The Imaginary

Book review by
Kate Pavao, Common Sense Media
The Imaginary Book Poster Image
Quirky adventure about the power of friendship and fantasy.

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Kids say

age 10+
Based on 1 review

A lot or a little?

The parents' guide to what's in this book.

Educational Value

A good choice for parents to read to young tweens at bedtime. May inspire some good discussions about play and imagination -- and remind parents about the importance of leaving unstructured time for their kids to create their own worlds. 

Positive Messages

There are great messages here about the value of strong imagination and loyalty.

Positive Role Models & Representations

Amanda can be a difficult friend: Rudger is sometimes mad at Amanda, who can be insensitive and self-centered. But he knows her powerful spirit and imagination make the world a lot more fun for him. Their relationship will help kids better understand that friendship is not always easy, but that our loyal friends make the world a lot more colorful.

Violence & Scariness

Amanda's hit by a car. A creepy imaginary girl breaks into a house. Mr. Bunting eats imaginaries, including a couple characters from this book, to live another year of his life. There's a scary image of his rows and rows of teeth as he tries to eat Rudger. He breaks into Amanda's hospital room as he continues to stalk the imaginary boy. Rudger purposely causes a little girl to fall down a flight of stairs.

Language

What parents need to know

Parents need to know The Imaginary is a fantasy about a little girl, Amanda, and her imaginary friend, Rudger, that has some age-appropriate scariness: Amanda is hit by a car. Mr. Bunting eats imaginary beings to live another year of his life. And there's a scary image of his rows and rows of teeth as he tries to eat Rudger. With his creepy imaginary sidekick at his side, he breaks into Amanda's hospital room as he continues to stalk the imaginary boy. There are great messages here about the value of strong imagination -- as well as loyalty. Amanda can be insensitive and self-centered, but Rudger knows her powerful spirit and imagination make the world a lot more fun for him. This book may remind parents who read it aloud to their tweens about the importance of allowing unstructured time for their kids to create their own worlds.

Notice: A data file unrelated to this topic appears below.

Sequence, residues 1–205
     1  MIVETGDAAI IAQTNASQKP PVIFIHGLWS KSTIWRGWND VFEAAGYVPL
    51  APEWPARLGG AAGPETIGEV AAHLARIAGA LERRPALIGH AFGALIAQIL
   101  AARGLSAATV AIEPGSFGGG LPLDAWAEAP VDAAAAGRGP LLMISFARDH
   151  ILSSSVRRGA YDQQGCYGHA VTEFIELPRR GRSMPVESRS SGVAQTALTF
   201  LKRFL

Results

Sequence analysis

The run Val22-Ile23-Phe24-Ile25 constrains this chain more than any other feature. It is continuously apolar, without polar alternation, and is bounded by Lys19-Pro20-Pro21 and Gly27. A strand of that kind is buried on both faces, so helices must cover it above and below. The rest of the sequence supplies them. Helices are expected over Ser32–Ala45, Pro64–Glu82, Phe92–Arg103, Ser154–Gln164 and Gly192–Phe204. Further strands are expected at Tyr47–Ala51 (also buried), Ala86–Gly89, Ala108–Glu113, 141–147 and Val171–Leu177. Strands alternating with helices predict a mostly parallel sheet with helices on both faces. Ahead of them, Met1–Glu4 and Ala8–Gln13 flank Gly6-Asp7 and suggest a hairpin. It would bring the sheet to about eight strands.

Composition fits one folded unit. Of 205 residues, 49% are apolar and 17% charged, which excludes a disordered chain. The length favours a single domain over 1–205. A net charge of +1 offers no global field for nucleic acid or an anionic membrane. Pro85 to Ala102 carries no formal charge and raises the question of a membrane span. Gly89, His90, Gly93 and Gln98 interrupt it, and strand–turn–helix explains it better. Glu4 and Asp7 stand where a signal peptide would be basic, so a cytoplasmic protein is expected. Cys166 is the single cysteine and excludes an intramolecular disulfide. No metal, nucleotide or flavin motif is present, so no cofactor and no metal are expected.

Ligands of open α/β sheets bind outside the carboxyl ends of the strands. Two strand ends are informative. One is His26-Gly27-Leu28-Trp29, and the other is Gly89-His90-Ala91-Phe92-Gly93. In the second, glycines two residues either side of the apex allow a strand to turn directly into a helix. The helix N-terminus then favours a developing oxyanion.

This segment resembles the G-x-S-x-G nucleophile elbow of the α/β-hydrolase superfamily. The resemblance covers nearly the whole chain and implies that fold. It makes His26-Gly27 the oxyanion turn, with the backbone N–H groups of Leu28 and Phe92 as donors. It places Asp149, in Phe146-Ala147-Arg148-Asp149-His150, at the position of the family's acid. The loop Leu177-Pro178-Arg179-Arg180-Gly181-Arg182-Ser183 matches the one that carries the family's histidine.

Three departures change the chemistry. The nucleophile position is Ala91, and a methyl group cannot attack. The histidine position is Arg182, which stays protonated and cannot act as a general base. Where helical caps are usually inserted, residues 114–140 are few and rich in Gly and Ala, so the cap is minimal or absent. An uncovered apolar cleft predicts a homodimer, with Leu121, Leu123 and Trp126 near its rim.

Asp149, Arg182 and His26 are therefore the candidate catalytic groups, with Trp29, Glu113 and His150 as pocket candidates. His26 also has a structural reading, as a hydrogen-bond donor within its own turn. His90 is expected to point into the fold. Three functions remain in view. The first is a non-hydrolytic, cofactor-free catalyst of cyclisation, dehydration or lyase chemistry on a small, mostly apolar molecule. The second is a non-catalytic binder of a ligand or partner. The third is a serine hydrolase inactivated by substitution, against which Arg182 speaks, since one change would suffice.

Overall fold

User Reviews

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Teen, 13 years old Written byKittyengineer12 February 3, 2018

Really good & Spooky

I really enjoyed this book it was really well written, Quite scary though.. Some main charecters die and there is suspense

What's the story?

Amanda is a creative, strong-willed -- and sometimes selfish -- little girl who has great adventures with her imaginary friend Rudger. But when she's hit by a car, he risks being forgotten and "Fading" into oblivion. Luckily, Rudger finds a safe library to hide out with other imaginary kids and other beings, including a hot pink tyrannosaur. They urge him to choose a less imaginative child to be his new Friend, but Rudger only wants to find Amanda. It will be risky to get to her at the hospital when creepy Mr. Bunting is after him; Mr. Bunting is a legendary villain who "eats imaginaries ... And for each one he eats, he lives another year longer."

Is it any good?

THE IMAGINARY could be a great bedtime read-aloud book for parents to share with their tweens, who will enjoy the odd story that has just the right amount of darkness for their age. Mr. Bunting, for example, is scary but also weird with his bald head and loud Hawaiian-print shirts. Gravett's beautiful and eclectic art -- black-and-white drawings with occasional bright spot of color -- ranges from eerie to playful, mirroring the many moods of children's dreams and fantasies. 

One other thing that's really great about The Imaginary is that Amanda can be really hard to be around: She eats Rudger's cookies, blames him for breaking her piggy bank, and can be insensitive to his feelings. Even so, she's special and fun, and Rudger remains loyal to her -- and she to him, when he needs her most. This is truly a one-of-a-kind adventure that will captivate kids -- and remind parents of the importance of free time for imaginative play.

Talk to your kids about ...

  • Families can talk about imagination. Have you had an imaginary friend? Parents might want to share the stories of what they liked to imagine as children. 

  • Why do we lose our ability to imagine and play as we get older? 

  • What did Rudger like about Amanda? Is she a good friend to him? 

Book details

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